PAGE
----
base_plot + scale_x_date(breaks = as.Date(c("1970-01-01", "2000-01-01")), minor_breaks = as.Date(c("1975-01-01", "1980-01-01", "2005-01-01", "2010-01-01"))) + ggtitle("(minor_)breaks = fixed Dates")
base_plot + scale_x_date(breaks = function(x) seq.Date(from = min(x), to = max(x), by = "12 years"), minor_breaks = function(x) seq.Date(from = min(x), to = max(x), by = "2 years")) + ggtitle("(minor_)breaks = custom function")
base_plot + scale_x_date(breaks = NULL, minor_breaks = NULL) + ggtitle("(minor_)breaks = NULL")
Another and very convenient way to define regular breaks are the
date_breaks and the
date_minor_breaks argument. As input both arguments take a character vector combining a string specifying the time unit (either “sec”, “min”, “hour”, “day”, “week”, “month” or “year”) and an integer specifying number of said units specifying the break intervals.
base_plot + scale_x_date(date_breaks = "10 years", date_minor_breaks = "2 years") + ggtitle("date_(minor_)breaks = \"x years\"")
If both are given,
Similar to the axis ticks, the format of the displayed labels can either be defined via the
labels or the
date_labels argument. The
labels argument can either be set to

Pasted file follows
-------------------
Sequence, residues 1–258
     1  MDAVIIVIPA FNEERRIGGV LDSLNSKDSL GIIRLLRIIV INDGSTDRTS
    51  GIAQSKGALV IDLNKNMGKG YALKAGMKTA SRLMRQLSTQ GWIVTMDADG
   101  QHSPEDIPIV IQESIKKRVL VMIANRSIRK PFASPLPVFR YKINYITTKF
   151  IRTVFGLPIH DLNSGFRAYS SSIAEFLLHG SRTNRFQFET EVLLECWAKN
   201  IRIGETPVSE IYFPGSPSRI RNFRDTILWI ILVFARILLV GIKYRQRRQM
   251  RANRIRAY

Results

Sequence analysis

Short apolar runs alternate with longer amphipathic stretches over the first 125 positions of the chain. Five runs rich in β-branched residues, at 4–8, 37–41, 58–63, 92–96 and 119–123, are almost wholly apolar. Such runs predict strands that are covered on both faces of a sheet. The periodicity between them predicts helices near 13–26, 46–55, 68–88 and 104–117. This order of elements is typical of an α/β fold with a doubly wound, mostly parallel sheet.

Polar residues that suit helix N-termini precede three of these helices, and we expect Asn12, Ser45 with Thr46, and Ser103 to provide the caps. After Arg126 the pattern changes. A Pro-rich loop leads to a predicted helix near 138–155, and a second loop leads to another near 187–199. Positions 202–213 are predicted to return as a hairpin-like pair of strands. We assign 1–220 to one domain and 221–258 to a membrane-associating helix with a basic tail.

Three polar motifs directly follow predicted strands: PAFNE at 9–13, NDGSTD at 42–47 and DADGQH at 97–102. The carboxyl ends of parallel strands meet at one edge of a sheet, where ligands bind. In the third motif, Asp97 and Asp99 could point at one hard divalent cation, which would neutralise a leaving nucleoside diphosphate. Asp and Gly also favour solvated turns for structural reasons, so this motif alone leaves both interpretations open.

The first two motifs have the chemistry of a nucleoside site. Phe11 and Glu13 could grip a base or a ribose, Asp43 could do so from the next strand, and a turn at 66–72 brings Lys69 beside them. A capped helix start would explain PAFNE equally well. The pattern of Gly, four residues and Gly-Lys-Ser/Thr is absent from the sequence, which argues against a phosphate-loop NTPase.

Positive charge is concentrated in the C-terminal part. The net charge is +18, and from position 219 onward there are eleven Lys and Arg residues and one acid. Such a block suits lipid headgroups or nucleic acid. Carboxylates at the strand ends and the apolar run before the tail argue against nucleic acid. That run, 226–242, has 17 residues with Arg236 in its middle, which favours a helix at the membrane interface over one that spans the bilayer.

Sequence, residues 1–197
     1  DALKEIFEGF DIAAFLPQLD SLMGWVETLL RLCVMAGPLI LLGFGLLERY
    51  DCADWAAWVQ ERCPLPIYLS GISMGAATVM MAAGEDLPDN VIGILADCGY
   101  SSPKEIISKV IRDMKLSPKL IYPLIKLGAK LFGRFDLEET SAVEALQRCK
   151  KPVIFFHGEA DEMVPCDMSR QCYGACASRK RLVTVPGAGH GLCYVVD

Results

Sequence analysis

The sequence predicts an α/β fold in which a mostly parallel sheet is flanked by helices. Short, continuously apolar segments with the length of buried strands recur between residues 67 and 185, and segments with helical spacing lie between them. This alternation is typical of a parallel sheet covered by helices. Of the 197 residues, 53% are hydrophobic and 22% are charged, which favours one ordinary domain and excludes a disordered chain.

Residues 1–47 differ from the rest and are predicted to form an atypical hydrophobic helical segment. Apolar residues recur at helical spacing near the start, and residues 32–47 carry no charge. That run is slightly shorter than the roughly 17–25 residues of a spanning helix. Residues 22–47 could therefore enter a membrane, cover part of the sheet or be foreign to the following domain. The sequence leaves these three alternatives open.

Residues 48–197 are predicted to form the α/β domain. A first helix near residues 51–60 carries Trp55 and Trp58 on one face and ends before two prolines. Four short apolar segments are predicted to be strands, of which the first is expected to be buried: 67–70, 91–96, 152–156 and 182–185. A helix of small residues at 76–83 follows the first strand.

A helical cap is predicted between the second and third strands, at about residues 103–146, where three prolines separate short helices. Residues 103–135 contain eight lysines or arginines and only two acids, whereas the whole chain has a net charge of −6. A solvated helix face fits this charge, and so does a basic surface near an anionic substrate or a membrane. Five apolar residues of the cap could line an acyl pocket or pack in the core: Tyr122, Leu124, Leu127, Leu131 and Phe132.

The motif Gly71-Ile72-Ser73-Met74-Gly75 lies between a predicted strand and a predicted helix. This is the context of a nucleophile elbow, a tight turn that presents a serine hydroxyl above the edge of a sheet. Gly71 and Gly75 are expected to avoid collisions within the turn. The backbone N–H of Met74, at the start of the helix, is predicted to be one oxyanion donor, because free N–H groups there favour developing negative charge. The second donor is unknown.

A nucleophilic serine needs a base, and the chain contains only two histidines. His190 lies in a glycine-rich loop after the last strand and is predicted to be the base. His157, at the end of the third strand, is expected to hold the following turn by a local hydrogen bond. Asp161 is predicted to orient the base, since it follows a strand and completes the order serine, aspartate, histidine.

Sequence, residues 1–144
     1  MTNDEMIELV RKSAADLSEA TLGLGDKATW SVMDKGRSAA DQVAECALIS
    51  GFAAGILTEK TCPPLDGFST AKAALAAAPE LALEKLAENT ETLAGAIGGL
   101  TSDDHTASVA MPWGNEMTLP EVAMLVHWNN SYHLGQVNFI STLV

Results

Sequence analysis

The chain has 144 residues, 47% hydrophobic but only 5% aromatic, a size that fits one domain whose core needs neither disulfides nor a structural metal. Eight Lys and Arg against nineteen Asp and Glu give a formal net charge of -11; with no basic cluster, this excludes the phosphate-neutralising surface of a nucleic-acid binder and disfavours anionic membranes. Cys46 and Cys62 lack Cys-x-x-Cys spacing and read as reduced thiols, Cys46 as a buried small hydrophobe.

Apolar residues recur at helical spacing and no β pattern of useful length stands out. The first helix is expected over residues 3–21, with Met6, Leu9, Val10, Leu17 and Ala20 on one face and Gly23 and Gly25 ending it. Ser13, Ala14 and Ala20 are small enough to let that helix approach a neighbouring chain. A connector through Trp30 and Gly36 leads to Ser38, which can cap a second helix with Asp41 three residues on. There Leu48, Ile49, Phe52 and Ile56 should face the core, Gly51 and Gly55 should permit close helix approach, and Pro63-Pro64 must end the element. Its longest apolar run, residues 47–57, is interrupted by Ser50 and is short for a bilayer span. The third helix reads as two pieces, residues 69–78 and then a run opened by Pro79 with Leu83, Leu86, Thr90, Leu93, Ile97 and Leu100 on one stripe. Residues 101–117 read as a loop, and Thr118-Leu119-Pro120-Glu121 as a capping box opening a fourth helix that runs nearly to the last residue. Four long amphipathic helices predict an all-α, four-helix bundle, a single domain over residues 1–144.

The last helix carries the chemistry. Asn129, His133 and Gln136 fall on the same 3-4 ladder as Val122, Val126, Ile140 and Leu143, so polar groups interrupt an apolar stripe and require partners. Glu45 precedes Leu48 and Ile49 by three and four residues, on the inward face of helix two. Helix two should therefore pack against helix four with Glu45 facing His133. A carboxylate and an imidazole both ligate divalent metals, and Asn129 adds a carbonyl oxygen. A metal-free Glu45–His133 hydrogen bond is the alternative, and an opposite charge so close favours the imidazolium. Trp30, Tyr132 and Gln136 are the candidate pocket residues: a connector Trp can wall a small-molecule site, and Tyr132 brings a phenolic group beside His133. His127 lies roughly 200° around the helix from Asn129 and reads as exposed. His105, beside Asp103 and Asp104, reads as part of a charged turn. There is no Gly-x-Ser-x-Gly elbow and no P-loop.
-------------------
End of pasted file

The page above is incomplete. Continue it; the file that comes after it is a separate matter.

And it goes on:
NULL if no labels should be displayed, with the breaks as inputs and the labels as outputs. Alternatively, a character vector with labels for all the breaks can be supplied to the argument. This can be very useful, since like this virtually any character vector can be used to label the breaks. The number of labels must be the same as the number of breaks. If the breaks are defined by a function,
date_breaks or by default the labels must be defined by a function as well.
base_plot + scale_x_date(date_breaks = "15 years", labels = function(x) paste((x-365), "(+365 days)")) + ggtitle("labels = custom function")
base_plot + scale_x_date(breaks = as.Date(c("1970-01-01", "2000-01-01")), labels = c("~ '70", "~ '00")) + ggtitle("labels = character vector")
Furthermore and very conveniently, the format of the labels can be controlled via the argument
date_labels set to a string of formatting codes, defining order, format and elements to be displayed:
|%l||hour, in 12-hour clock (1-12)|
|%I||hour, in 12-hour clock (01-12)|
|%H||hour, in 24-hour clock (01-24)|
|%a||day of the week, abbreviated (Mon-Sun)|
|%A||day of the week, full (Monday-Sunday)|
|%e||day of the month (1-31)|
|%d||day of the month (01-31)|
|%m||month, numeric (01-12)|
|%b||month, abbreviated (Jan-Dec)|
|%B||month, full (January-December)|
|%y||year, without century (00-99)|
|%Y||year, with century (0000-9999)|
Source: Wickham 2009 p. 99
base_plot + scale_x_date(date_labels = "%Y (%b)") + ggtitle("date_labels = \"%Y (%b)\"")
The choice of axis ticks and labels might seem trivial. However, one should not underestimate the amount of confusion that can be caused by too many, too less or poorly positioned axis ticks and labels. Further, economical yet clear labeling of axis ticks can increase the readability and visual appeal of any time series plot immensely. Since it is so easy to tweak the date and time axes in ggplot2 there is simply no excuse not to do so.
- Wickham, H. (2009). ggplot2: elegant graphics for data analysis. Springer.